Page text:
Dominique Nguyen-Cote is entering his fourth year as a marketing major at the Telfer School of Management at the University of Ottawa in Ottawa, Ontario. He currently works in the marketing and sales department at Giatec Scientific. Contact Nyugen-Cote at firstname.lastname@example.org. Visit giatecscientific.com.
Infrastructure is a pivotal aspect of any country’s economic stability. Investing in infrastructure can help grow developing nations and maintain the growth of developed nations. It is important for job creation and increasing the standard of living for communities. In both the United States and Canada, the importance of infrastructure will play a major role in the future of each country.
Learn more about the role that infrastructure will play in the country’s future by reading the U.S. budget for the 2017 fiscal year, under the “Innovation to Forge a Better Future” section. “The budget invests $320 billion over 10 years in a multiagency initiative to build a clean transportation system for the 21st century that speeds goods to market while reducing America’s reliance on oil, cutting carbon pollution and strengthening our resilience to the effects of the changing climate” (Office of Management and Budget, 2016). In Canada, the importance of investments in infrastructure can found throughout the country’s 2016 budget (Budget 2016). “In Budget 2016, the government will implement a historic plan to invest more than $120 billion in infrastructure over 10 years, to better meet the needs of Canadians and better position Canada’s economy for the future (Morneau, 2016).” Throughout the documents, technology is emphasized as one of the main solutions to help achieve the goal of building a sustainable future.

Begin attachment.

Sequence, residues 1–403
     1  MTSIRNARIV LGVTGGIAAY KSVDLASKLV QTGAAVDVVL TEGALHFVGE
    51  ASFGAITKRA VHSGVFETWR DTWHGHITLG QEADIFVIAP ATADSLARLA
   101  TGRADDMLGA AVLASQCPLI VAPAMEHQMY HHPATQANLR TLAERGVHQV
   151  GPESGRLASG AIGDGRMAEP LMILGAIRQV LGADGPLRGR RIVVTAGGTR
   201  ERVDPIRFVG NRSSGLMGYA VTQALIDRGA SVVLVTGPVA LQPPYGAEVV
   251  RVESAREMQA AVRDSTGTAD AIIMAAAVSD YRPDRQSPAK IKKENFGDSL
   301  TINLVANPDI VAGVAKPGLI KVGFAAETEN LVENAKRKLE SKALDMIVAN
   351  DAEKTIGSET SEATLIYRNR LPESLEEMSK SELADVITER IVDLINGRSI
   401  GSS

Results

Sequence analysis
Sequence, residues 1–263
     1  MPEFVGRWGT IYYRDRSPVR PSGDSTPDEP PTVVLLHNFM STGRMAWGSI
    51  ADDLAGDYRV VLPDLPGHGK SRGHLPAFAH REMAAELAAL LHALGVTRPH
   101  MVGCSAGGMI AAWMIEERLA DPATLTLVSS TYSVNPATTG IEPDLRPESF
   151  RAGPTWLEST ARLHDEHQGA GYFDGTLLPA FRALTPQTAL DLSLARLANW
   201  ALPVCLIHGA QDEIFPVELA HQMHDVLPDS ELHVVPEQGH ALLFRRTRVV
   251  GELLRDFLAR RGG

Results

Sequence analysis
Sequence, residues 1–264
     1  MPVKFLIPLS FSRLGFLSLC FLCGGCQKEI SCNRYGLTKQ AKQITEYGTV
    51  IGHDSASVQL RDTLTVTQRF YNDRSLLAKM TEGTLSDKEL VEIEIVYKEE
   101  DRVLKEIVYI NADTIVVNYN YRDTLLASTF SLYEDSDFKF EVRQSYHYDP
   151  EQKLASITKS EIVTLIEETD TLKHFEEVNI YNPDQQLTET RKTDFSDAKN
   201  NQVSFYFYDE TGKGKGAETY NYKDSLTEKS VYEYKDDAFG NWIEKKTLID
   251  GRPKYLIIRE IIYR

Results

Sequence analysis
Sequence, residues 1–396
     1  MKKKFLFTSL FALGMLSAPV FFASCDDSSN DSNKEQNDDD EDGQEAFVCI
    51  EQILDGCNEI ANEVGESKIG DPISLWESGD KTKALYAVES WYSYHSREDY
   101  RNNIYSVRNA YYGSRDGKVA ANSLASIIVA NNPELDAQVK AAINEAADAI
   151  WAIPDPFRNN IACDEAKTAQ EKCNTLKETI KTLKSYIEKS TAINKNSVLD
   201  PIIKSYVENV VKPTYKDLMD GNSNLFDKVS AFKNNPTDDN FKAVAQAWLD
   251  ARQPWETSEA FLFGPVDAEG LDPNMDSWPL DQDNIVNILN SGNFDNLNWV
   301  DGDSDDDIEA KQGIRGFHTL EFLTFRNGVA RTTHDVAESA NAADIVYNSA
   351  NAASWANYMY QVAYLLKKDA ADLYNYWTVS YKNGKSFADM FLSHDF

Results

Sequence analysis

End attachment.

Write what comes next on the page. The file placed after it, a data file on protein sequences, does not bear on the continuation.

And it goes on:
One of the most compelling trends is the emphasis of public transit and its role in building a more sustainable future. This trend will continue to grow in North America over the next decade. The trend is laid out in the U.S. Department of Transportation 2017 budget. According to the budget, roughly $30 billion per year for the next 10 years will be invested to improve the country’s transit systems. The same holds true for Canada’s investment in its public transit system. According to Canada’s Budget 2016, $3.4 billion over the next 3 years will be allocated to upgrading and improving public transit systems across Canada.
However, despite the size of the federal budget dedicated for infrastructure, public projects get even more complex when the other layers of governments are involved. The process of completing public projects becomes even more complicated as contractors, suppliers, construction workers and other parties get involved.
Currently, the city of Ottawa in Ontario, Canada, is facing heavy construction for both the Ottawa LTR and Confederation Line. Two of Canada’s largest infrastructure projects have multiple financiers, engineering firms, architect firms, suppliers, Design Build Finance and Maintain (DBFM) teams, legal firms and others involved to ensure that the projects are completed before 2020. The city of Ottawa has created a public-private partnership (PPP) with the Rideau Transit Group, providing an opportunity for risk sharing, such as managing costs, quality control and/or maintenance of public facilities.